Technological advances in molecular biology over the past two decades have produced sophisticated techniques and development of newer molecular biomarkers for exposure, response, and genetic susceptibility. They include measurements for structural gene damage, gene variation, and gene products in cells and body fluids, for example, oncogenes and tumor suppressor genes, DNA adducts, gene products and genetic polymorphisms, and metabolic phenotypes in exposed populations.[3],[4],[6],[8]

Evaluation:

A workplace medical surveillance program needs to be tailored to the specific circumstances of the enterprise.

Health surveillance techniques should be sensitive, specific, easy to perform and interpret, safe and noninvasive, acceptable, relevant, scientifically valid, and effective.

  • Does the system do what it is supposed to do?
  • How is operation of the system?
  • Who is reporting? To whom? What information is collected? How is information stored? Who analyzes the data? What are the findings? How often are reports disseminated? To whom? Are actions taken as a result of data?
  • Cost.




 
  References Top

1.
CDC. NIOSH. Occupational injuries and health surveillance.  Back to cited text no. 1
    
2.
Good Practice in Occupational Health Services: A Contribution to Workplace Health, WHO-Regional office for Europe, Health, screening and surveillance.  Back to cited text no. 2
    
3.
Ferenc Kudász and Aranka Hudák, National Public Health Institute-Occupational Health Directorate, Hungary OSH WIKI.  Back to cited text no. 3
    
4.
Guidance Notes on Medical Examinations for Workers engaged in Hazardous occupations in Industrial Undertakings occupational safety and health branch labour dept. Occupational health and safety council—Hong Kong.  Back to cited text no. 4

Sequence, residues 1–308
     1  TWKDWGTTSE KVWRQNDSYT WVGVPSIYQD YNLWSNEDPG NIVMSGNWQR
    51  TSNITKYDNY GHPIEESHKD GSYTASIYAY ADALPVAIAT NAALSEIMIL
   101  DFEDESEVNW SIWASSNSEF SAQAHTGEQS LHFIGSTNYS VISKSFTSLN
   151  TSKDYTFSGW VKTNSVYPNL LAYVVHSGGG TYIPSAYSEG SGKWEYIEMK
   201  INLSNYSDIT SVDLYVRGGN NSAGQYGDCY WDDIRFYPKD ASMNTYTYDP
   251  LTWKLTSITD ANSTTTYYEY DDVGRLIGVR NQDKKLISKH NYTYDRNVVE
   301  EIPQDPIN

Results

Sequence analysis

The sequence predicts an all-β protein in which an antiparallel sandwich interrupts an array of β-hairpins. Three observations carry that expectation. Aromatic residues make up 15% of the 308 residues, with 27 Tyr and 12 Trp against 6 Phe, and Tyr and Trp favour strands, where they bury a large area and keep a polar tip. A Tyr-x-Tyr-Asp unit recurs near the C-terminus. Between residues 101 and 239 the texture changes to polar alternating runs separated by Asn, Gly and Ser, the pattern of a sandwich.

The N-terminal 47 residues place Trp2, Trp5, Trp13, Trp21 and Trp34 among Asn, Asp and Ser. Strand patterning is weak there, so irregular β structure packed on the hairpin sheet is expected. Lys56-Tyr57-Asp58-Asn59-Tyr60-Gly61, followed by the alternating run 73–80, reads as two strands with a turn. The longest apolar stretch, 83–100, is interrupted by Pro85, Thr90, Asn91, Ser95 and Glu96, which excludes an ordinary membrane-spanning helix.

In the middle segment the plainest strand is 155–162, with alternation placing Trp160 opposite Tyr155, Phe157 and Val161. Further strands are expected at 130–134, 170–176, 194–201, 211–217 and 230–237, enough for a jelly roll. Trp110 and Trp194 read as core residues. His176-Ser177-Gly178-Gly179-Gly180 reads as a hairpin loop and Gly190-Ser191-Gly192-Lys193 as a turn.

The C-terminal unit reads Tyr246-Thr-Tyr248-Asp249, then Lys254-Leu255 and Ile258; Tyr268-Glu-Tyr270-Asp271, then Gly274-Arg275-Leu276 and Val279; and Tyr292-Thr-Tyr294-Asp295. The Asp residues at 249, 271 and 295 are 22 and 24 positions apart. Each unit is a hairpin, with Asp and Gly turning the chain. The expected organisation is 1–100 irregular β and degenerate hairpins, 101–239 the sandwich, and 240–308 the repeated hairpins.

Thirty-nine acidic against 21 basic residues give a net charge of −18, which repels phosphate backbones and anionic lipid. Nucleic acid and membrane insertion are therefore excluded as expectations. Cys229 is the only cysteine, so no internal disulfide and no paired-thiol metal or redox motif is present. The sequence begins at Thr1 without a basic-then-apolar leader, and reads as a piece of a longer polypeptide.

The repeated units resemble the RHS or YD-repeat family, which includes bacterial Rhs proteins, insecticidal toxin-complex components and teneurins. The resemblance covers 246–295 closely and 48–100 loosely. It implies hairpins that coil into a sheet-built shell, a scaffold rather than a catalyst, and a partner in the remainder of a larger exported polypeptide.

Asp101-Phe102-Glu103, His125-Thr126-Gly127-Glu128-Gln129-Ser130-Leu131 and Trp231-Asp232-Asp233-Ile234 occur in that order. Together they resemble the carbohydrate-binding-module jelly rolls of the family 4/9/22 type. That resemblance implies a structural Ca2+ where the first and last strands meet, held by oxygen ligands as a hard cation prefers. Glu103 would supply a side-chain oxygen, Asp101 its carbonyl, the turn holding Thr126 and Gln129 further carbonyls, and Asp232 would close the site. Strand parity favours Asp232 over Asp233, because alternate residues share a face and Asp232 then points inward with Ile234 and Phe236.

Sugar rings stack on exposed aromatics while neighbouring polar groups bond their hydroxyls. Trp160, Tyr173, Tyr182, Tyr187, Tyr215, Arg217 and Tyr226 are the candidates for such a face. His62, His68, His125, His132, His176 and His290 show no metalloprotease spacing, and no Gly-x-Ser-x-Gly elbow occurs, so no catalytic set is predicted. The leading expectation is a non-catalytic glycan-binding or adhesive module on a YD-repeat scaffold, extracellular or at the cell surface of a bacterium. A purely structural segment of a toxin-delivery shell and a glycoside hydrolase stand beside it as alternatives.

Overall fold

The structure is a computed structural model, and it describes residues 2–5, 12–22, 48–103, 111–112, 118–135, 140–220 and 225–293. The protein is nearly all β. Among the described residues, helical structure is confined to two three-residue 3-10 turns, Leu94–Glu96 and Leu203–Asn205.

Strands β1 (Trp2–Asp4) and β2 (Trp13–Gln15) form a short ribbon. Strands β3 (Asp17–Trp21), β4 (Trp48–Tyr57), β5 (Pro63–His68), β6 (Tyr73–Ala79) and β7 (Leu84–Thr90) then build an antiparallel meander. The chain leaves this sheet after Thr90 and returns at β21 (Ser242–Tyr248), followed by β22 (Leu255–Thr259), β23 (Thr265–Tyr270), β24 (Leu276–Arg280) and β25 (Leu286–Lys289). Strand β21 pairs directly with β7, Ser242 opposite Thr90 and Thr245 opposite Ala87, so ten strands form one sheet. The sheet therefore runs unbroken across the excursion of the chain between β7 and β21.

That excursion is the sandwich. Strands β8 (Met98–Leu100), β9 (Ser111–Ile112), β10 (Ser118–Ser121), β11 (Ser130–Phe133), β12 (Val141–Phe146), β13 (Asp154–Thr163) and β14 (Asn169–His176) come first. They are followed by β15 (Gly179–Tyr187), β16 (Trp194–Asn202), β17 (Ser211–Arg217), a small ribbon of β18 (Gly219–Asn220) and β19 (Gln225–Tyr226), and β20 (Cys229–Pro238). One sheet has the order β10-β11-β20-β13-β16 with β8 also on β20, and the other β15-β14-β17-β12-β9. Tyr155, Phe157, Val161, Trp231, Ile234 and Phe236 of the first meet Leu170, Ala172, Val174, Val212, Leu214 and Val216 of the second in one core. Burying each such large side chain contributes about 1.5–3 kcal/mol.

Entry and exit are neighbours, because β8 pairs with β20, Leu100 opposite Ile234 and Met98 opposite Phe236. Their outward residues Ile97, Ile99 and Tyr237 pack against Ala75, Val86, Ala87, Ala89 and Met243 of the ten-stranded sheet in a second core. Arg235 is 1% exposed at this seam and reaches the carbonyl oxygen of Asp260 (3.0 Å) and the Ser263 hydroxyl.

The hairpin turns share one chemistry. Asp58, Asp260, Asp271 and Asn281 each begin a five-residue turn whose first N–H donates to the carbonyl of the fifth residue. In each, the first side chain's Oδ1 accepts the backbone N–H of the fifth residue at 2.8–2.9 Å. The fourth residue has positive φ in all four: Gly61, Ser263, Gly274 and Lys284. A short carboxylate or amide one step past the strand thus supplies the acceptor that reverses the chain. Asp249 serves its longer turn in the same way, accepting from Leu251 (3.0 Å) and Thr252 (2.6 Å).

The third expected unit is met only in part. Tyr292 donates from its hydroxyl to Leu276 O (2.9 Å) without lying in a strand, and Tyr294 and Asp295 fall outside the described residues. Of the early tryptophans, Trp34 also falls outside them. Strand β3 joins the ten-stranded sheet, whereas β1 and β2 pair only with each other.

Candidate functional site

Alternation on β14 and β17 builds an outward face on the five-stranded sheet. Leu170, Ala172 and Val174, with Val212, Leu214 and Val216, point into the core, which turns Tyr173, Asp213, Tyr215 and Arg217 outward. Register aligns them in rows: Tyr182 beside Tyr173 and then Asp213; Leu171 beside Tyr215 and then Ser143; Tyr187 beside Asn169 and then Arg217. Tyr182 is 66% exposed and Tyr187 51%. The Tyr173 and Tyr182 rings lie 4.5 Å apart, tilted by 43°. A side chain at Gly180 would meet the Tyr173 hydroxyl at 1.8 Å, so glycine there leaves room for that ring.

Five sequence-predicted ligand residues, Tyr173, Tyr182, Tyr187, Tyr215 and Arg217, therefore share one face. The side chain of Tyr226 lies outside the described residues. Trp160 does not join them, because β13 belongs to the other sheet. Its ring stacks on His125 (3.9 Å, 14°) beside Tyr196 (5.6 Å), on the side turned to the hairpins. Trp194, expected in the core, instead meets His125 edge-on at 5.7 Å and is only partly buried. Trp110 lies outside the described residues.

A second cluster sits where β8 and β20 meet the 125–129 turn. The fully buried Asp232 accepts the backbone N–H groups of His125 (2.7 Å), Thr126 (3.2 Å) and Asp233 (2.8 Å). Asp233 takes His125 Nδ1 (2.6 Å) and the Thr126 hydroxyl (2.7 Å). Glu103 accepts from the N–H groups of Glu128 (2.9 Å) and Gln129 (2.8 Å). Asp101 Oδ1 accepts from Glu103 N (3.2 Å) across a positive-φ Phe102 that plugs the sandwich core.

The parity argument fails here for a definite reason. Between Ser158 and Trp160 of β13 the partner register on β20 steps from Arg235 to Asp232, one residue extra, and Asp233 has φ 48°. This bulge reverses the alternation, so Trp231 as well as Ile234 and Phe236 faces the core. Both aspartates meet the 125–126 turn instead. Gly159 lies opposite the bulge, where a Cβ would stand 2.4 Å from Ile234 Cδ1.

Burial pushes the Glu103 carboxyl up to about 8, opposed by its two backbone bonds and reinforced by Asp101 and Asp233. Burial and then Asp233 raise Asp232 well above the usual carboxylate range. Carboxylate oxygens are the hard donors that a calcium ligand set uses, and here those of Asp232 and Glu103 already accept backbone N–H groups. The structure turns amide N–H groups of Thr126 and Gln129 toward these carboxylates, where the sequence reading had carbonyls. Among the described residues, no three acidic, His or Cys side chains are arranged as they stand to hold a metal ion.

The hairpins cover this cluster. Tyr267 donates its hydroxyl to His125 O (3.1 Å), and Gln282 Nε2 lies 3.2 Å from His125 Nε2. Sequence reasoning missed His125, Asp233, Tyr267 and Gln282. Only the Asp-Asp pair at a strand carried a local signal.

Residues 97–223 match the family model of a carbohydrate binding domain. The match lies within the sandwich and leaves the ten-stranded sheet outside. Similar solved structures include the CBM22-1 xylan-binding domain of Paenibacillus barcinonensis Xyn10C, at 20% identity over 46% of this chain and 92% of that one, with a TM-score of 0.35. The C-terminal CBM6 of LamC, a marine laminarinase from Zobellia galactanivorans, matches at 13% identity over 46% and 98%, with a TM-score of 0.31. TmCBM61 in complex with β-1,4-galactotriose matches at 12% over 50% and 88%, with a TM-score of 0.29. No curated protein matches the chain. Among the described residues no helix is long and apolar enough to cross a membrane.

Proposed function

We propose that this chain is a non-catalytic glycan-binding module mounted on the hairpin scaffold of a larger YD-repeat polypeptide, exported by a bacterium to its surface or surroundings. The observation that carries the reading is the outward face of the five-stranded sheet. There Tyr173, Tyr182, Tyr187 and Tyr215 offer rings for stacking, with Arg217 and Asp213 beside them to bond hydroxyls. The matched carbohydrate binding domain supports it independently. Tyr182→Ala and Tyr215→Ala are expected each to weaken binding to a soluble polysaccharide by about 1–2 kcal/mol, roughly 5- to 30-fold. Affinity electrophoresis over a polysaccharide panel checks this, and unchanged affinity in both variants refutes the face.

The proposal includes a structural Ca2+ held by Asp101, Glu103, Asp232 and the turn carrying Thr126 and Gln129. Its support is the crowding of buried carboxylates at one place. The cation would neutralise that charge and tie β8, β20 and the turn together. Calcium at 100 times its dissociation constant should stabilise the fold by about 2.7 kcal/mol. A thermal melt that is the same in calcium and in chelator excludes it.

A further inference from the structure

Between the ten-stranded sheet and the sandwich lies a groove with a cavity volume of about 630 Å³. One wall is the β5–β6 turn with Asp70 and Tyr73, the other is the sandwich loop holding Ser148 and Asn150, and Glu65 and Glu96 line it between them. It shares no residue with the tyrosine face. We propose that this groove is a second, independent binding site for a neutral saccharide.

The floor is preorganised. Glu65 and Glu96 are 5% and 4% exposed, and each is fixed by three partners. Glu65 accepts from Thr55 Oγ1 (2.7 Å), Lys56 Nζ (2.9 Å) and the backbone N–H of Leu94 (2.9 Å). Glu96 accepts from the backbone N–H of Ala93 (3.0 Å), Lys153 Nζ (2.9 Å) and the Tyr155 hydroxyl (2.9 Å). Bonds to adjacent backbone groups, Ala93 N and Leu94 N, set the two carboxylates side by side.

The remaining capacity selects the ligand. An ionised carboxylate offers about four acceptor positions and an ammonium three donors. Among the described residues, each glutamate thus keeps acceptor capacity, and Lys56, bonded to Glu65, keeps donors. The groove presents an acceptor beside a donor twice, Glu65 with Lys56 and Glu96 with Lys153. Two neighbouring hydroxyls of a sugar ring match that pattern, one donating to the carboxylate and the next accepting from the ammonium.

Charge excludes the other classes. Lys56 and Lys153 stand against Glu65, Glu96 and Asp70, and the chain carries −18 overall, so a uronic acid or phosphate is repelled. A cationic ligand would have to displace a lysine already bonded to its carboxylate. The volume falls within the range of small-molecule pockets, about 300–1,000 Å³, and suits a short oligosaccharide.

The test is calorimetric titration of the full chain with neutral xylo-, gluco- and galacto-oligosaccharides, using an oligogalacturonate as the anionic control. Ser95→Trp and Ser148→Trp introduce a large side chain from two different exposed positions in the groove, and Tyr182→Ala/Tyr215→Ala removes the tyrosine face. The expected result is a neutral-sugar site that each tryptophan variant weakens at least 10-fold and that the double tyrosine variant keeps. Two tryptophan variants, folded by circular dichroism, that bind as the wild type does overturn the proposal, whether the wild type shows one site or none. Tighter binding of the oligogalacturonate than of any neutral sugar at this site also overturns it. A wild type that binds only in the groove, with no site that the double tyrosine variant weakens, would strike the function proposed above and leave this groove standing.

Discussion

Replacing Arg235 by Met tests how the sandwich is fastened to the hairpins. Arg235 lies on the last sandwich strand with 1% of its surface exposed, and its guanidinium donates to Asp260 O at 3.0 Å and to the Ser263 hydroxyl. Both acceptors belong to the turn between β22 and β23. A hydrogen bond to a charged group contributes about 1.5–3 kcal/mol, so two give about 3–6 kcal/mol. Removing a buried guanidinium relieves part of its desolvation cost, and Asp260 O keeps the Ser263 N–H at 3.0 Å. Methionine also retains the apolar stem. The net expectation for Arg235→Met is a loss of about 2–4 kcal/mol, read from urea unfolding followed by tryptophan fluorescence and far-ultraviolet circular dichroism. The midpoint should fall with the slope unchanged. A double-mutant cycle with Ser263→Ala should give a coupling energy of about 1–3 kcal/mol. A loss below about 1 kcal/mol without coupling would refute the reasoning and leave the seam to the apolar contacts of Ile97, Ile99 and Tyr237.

5.
General Principles of Medical Surveillance Implications for Workers Potentially Exposed to Nano materials Douglas B. Trout, MD, MHS.  Back to cited text no. 5
    
6.
Guidance on health surveillance-ENERGY INSTITUTE, LONDON.  Back to cited text no. 6
    
7.
The Factories Act (Maharashtra)-Statutory Medical Examinations –requirements for type and frequency as per Factories Act.  Back to cited text no. 7
    
8.
Occupational health surveillance-DGFASLI. www.dgfasli.nic.in/newsletter/octdec98.pdf. Vol. 3, No. 4, October–December 1998  Back to cited text no. 8
    
9.
Halpern WE, Ratcliffe JM, Frazier JM, Wilson L, Becker SP, Schulte P. Medical screening in the workplace: Proposed principles. J Occup Med 1986;28:522-47.  Back to cited text no. 9
    
10.
Ashford NA, Spadafor CJ, Hattis DB, Caldort CC. Monitoring the Worker for Exposure and Disease. Baltimore, MD: The Johns Hopkins University Press; 1990.  Back to cited text no. 10
    
11.
Baker EL, Matte TP. Occupational health surveillance. In: Rosenstock L, Cullen M, Brodkin CA, editors. Textbook of Clinical Occupational and Environmental Medicine. Philadelphia, PA: Elsevier Saunders Company; 2005. p. 76-82.  Back to cited text no. 11
    
12.
Redlich CA, Froines J, Wegman D, Eisen E. Hazard surveillance in occupational disease. Am J Public Health 1989;79:26-31.  Back to cited text no. 12
    
13.
Gochfeld M. Medical surveillance and screening in the workplace: Complementary preventive strategies. Environ Res 1992;59:67-80.  Back to cited text no. 13
    
14.
Halperin WE. The role of surveillance in the hierarchy of prevention. Am J Ind Med 1996;29:321-3.  Back to cited text no. 14
    
15.
Rutstein D, Mullan R, Frazier T, Halperin W, Melius J, Sestitio J. Sentinel health events (occupational): A basis for physician recognition and public health surveillance. Am J Public Health 1983;73:1054-62.  Back to cited text no. 15
    
16.
Harber P, Conlon C, McCunney RJ. Occupational medical surveillance. In: McCunney RJ, editor. A Practical Approach to Occupational and Environmental Medicine. Philadelphia, PA: Lippincott, Williams, and Wilkins; 2003. p. 582-99.  Back to cited text no. 16